I am a Climate Change Agnostic

Friday, May 24th, 2013 at 12:06 pm

Like many conservatives, I have been known to make a crack about “global warming” during a particularly cold day. Like other conservatives, I have remarked on the change in terminology from “global warming” to “climate change”–suspecting that the terminology change is about silencing those “global warming” cracks.

But I don’t know whether or not other conservatives have the same questions and doubts as I regarding the-phenomenon-previously-known-as-global-warming.

You see, I’m not sure about climate change.

I have no doubt that climate change is occurring-the earth’s climate has never been static. Things like sunspots, volcanic eruptions, and ice age cycles have affected earth’s climate for millenia. But I’m not sure about the current conversation regarding climate change. I have questions.

My first question is what sort of climate change is occurring. My second question is what is causing climate change to occur.

I’ve heard apocalyptic tales of oceans rising and knocking off the left coast or flooding New York City. I’ve heard discussion of how world food production will grind to a halt as formerly fertile lands turn into arid deserts. But I’ve never seen the science that indicates at what scale global climate change is occurring.

How much are global temperatures rising per decade? How many degrees does it take to cause x increase in ocean levels? How many degrees does it take for the Midwestern breadbasket to become no longer fertile? I want to know those numbers.

Furthermore, I want to know what exactly is causing global climate change. What does historic data on ice age cycles predict that global temperature should be at this point? How far does current climate differ from what ice age cycles predict? What does historic data on sunspot cycles predict that global temperature should be? How far does current climate differ from what ice age cycles predict? Ultimately, what I want to know is how much of global climate change is due to natural cycles and how much is due to controllable factors?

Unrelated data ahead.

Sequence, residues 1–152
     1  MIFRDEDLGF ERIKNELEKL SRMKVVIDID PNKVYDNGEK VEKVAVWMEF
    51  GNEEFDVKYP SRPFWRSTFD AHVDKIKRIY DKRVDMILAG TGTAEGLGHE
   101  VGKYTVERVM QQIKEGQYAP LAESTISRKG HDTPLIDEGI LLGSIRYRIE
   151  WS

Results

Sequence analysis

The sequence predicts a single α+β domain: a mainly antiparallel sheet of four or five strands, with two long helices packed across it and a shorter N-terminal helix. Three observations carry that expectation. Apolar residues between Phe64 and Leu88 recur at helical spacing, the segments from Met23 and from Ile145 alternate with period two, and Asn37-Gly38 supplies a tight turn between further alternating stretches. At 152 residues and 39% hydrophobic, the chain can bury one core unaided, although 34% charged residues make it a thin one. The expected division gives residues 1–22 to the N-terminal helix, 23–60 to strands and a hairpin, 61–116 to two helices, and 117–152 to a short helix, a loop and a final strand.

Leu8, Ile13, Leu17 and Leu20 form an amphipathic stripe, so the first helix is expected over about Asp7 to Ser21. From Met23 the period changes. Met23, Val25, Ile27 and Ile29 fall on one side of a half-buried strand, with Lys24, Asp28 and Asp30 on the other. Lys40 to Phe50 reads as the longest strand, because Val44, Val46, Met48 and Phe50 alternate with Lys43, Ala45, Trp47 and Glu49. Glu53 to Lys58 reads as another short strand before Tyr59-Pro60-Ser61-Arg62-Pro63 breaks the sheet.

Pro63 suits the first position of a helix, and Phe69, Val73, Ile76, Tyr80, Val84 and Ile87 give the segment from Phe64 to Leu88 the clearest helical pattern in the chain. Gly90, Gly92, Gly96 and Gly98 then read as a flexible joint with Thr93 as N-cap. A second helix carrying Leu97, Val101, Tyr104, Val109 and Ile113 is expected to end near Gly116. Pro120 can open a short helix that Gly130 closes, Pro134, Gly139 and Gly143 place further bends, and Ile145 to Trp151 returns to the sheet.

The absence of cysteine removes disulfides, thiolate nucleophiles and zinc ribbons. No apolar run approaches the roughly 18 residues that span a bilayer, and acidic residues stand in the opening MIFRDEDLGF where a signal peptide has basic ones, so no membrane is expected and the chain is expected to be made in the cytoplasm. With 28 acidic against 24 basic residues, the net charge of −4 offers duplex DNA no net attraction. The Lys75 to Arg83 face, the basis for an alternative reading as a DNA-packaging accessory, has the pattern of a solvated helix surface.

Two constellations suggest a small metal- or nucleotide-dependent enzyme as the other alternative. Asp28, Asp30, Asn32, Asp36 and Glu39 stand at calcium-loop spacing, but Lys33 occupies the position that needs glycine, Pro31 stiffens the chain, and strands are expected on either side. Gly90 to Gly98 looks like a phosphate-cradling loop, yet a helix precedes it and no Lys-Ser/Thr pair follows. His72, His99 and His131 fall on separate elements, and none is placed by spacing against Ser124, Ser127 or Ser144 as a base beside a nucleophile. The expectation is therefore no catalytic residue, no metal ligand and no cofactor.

Why do I want to know this? I want to know this because this has important implications for action. If global climate change is primarily due to natural cycles, action should involve developing technologies to deal with the inevitable change. We must work to either build protections against encroaching water or to move ourselves further inland. We must work to develop additional drought and heat resistant crops or to transfer agricultural industry to newly fertile regions. We must take action to cope with the change that will occur regardless of our actions. Knowing how fast this is occurring will give us a sense of what our deadlines are, how we need to move technology along, what technologies to prioritize.

On the other hand, if global climate change is primarily due to human activity, whether through deforestation or the use of fossil fuels or the raising of methane-producing livestock (heh), then our focus should be on adjusting human activity to maximize the “livability” of the planet.

But instead of answering my questions, stories on climate change sound a lot like a recent episode of “This American Life”. From the tagline:

“After years of being stuck, the national conversation on climate change finally started to shift — just a little — last year, the hottest year on record in the U.S., with Hurricane Sandy flooding the New York subway, drought devastating Midwest farms, and California and Colorado on fire. Lots of people were wondering if global warming had finally arrived, here at home. This week, stories about this new reality.”